Aug 7, 2017

Interview Transcript

Dr. Gellner: Backpacks seem to be getting heavier and heavier for students these days. Why is it important for your child to lighten their load? That's today's topic on The Scope. I'm Dr. Cindy Gellner.

Announcer: Keep your kids healthy and happy. You are now entering the Healthy Kid Zone with Dr. Cindy Gellner on The Scope.

Dr. Gellner: Believe it or not, almost 14,000 children are treated for backpack related injuries each year. Back specialists recommend that a backpack should be less than 10% to 15% of a child's body weight, but often it's more. Kids should use both arm straps to balance the backpack weight on both shoulders. But that's not cool and so the extra weight is being put on only one half of the child's body.

The back muscles don't like being unbalanced. They will strain, and this causes the low back pain that most kids complain about. Back muscles being unbalanced can also pull on the spine and affects one's posture. This is bad news in the teenage years when kids are going through their last big growth spurt and their spine is developing.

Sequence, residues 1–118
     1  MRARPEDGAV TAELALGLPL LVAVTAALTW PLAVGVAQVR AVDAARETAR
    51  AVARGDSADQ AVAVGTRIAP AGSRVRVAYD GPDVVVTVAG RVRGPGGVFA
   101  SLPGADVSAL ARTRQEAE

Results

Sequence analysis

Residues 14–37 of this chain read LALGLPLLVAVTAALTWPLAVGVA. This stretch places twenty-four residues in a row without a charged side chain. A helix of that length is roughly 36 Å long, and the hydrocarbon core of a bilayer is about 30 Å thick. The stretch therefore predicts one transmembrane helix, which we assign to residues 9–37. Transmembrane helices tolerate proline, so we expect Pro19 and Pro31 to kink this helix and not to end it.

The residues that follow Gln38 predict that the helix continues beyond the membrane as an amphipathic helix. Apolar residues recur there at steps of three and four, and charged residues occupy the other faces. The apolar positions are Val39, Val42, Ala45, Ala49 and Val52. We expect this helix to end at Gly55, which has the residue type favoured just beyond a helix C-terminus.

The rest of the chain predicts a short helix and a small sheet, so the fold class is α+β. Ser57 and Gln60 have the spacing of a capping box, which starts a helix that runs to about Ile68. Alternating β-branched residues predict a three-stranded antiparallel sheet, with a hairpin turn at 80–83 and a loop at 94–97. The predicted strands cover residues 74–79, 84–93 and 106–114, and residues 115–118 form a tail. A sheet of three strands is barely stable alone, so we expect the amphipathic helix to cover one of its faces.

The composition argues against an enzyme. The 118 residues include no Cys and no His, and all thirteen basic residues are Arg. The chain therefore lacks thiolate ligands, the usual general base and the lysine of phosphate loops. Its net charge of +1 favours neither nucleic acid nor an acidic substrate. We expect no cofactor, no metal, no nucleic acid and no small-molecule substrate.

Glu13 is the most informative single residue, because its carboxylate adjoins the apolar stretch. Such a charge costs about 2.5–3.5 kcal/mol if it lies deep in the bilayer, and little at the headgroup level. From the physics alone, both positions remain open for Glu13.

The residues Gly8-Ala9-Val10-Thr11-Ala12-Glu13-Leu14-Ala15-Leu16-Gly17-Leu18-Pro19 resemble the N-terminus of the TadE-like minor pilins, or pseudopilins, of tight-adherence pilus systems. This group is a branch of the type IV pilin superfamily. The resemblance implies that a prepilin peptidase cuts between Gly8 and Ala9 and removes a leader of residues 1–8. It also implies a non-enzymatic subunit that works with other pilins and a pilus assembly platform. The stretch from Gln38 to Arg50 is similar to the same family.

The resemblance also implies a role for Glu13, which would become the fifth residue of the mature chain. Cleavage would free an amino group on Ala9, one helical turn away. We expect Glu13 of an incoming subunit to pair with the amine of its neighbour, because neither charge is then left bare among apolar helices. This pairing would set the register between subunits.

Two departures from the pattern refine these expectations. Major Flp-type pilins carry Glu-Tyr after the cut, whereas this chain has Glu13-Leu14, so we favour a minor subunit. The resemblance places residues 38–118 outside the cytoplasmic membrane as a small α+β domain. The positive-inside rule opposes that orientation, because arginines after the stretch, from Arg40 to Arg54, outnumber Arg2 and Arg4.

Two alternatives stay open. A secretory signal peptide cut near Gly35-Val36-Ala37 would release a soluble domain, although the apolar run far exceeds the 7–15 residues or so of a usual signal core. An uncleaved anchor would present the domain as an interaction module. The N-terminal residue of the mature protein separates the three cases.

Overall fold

The good news is this is all easy to prevent. Make sure your child is fitted for a backpack properly. Sporting goods stores are actually where specialists recommend you get your backpacks for teens. They've outgrown the cool characters on the cheaper backpacks, and they need a good quality backpack that will last them through their school years.

The employees at sporting goods places can help you pick out a backpack that is the right size for your child and has the features you're looking for. Again, be sure your child is using both shoulder straps, not just one. And if at all possible, transport only what is necessary in their backpacks to and from school. Make sure they're standing up straight when walking. Yes, posture is important because it determines where the contents of the backpack hit your child's back.

Finally, if the backpack is heavy, make sure your student is only carrying it when needed. Otherwise, it's okay to take the backpack off and set it on the ground if they're going to be standing in place for a while. Back pain is never fun. And if your child is complaining about back pain, be sure to have them be seen by their pediatrician to make sure it's only muscle pain and not anything more serious.

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